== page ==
Cerebral blood flow and oxygen metabolism in patients with vascular dementia of the Binswanger type.
We performed clinical and neuroradiologic studies, including positron emission tomography, in five patients with vascular dementia of the Binswanger type. The clinical features of these cases consisted of slowly progressive dementia, together with vascular risk factors such as hypertension and often a history of minor stroke, and characteristic white matter lesions on brain computed tomograms or magnetic resonance images. Digital subtraction angiography of the cervical and intracranial arteries demonstrated no occlusive lesion in any patient. Both cerebral blood flow and the cerebral metabolic rate for oxygen were markedly reduced in the white matter (54-77% of control values), and both were decreased in the parietal (73% of control), frontal (74-80%), and temporal (74-83%) cortices, where no abnormalities were detected by brain computed tomography or magnetic resonance imaging. We conclude that vascular dementia of the Binswanger type may be caused by disconnection between the cerebral cortex and subcortical structures due to ischemic damage in the white matter.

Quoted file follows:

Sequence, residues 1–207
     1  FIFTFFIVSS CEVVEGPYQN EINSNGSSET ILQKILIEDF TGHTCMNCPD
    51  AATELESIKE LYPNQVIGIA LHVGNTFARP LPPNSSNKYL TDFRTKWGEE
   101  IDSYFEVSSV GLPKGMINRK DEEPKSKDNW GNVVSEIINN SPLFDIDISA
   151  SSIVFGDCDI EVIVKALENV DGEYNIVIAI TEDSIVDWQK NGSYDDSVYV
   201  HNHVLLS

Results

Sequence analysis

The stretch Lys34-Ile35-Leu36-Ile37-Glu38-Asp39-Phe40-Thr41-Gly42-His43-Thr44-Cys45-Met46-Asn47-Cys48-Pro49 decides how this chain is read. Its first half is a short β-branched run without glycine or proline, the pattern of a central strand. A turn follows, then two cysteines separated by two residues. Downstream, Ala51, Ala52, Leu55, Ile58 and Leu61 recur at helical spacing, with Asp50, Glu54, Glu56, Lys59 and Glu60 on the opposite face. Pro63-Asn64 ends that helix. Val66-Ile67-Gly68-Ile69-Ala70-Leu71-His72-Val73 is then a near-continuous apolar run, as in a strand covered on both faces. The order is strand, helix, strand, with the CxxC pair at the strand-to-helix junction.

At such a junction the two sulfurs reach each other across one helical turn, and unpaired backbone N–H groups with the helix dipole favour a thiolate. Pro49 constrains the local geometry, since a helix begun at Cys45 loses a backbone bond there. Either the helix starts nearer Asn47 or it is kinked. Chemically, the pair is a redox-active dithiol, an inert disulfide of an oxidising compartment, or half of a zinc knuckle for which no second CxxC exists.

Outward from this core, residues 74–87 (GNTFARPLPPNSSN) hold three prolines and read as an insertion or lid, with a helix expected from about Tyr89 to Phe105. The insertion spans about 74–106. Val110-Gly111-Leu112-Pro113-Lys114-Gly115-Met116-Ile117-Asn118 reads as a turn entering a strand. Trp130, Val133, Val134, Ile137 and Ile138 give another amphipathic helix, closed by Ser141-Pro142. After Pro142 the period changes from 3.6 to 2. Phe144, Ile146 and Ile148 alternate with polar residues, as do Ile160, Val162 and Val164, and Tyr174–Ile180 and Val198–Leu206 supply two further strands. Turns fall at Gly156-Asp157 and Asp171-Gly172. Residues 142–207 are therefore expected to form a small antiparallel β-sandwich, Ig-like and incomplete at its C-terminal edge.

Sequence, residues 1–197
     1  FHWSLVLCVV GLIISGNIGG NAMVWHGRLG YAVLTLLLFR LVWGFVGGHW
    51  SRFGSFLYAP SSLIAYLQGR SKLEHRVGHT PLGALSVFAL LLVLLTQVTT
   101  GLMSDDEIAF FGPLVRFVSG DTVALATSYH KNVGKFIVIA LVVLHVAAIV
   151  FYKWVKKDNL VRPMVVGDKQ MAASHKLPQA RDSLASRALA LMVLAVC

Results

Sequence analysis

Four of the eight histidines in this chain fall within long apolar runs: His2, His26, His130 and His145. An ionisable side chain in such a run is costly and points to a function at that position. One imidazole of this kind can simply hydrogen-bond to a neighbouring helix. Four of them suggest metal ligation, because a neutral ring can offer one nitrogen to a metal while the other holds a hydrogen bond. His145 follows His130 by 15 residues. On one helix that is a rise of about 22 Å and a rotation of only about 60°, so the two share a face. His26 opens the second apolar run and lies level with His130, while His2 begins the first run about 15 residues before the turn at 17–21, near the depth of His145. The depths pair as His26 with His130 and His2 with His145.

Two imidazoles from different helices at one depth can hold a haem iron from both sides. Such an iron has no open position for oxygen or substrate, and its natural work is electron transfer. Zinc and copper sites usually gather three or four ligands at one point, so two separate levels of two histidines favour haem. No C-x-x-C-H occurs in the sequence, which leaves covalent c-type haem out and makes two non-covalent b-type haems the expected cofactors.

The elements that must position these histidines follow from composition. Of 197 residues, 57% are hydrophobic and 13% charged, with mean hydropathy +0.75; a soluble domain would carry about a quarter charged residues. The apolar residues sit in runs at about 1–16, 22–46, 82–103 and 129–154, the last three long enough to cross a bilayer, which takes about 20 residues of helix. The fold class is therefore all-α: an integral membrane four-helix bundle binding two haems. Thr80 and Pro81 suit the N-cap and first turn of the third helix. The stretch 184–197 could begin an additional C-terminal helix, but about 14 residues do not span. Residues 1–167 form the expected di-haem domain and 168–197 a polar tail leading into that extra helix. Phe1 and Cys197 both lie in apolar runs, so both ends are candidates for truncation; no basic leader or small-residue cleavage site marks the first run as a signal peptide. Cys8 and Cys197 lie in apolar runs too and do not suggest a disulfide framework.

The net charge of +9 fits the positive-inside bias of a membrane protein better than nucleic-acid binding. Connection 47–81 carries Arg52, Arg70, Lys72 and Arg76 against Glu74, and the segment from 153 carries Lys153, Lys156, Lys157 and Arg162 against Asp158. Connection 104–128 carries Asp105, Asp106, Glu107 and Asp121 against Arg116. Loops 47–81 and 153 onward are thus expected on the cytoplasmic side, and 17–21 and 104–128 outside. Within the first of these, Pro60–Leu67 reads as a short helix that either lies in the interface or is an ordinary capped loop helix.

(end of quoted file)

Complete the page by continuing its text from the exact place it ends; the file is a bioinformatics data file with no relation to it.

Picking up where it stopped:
- Copyright © 1990 by American Heart Association